Summary: Elka barely remembers a time before she knew Trapper. She was just seven years old, wandering lost and hungry in the wilderness, when the solitary hunter took her in. In the years since then, he’s taught her how to survive in the desolate land where civilization has been destroyed and men are at the mercy of the elements and each other. But the man Elka thought she knew has been harboring a terrible secret. He’s a killer. A monster. And now that Elka knows the truth, she may be his next victim.
Armed with nothing but her knife and the hard lessons Trapper’s drilled into her, Elka flees into the frozen north in search of her real parents. But judging by the trail of blood dogging her footsteps, she hasn’t left Trapper behind — and he won’t be letting his little girl go without a fight.
Genre: thriller, horror Rating: ★★★
I went into The Wolf Road expecting a cat-and-mouse chase through the wilderness, and in some ways that’s what I got, but I also feel like there was so much more to this story than I ever could have anticipated. Elka discovers Trapper’s true identify extremely early on in the story, so the bulk of the book is about her on the run. However, along the way she meets riveting, charming, and sometimes vicious people, often getting into dangerous situations. She learns so much about herself along the way — not only about her background, but also about the type of person she is versus is not.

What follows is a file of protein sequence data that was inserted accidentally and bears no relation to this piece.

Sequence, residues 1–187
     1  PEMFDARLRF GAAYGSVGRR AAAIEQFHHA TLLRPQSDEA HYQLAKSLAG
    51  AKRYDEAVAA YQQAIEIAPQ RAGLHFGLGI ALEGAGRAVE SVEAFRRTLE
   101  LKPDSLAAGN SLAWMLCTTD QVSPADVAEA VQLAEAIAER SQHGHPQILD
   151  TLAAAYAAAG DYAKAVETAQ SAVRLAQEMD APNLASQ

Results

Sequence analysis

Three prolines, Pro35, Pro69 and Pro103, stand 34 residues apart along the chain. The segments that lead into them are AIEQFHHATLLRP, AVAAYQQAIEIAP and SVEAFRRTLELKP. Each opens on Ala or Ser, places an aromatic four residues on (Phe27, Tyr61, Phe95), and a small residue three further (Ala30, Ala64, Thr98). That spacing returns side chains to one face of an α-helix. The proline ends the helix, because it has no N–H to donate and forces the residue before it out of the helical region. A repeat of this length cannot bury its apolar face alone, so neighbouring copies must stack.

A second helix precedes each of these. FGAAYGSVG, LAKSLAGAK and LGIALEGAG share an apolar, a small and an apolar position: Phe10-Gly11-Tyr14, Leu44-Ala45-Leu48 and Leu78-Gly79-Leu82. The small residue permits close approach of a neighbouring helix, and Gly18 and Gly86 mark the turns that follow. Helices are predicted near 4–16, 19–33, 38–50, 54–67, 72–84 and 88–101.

Summary: Charlie Jordan is being driven across the country by a serial killer. Maybe. Behind the wheel is Josh Baxter, a stranger Charlie met by the college ride share board. On the road they share their stories, carefully avoiding the subject dominating the news – the Campus Killer, who’s tied up and stabbed three students in the span of a year, has just struck again.
Travelling the journey between university and their final destination, Charlie begins to notice discrepancies in Josh’s story. As she plans her escape from the man she is becoming certain is the killer, she starts to suspect Josh knows exactly what she’s thinking. Meaning she could very well end up as his next victim.
Genre: thriller Rating: ★★
I started to slightly dislike Riley Sager once I found out he was using a unisex pseudonym to potentially lure in a different demographic of readers. I know people do this all the time, but I remember feeling let down when I learned the stories I had enjoyed were written by (insert dramatic sigh) another white man. However, I still found myself devouring his books, because even if they weren’t downright terrifying, they were still strong contenders in the overwhelmingly average thriller genre.
Until I read Survive the Night. This is not only his worst book, but also one of the weakest thrillers to come from 2021. And it almost exclusively boils down to the main character being the dumbest person alive.
1) pick out a book that sounded interesting 2) enjoy the book that I picked 3) made strong progress or even finish the book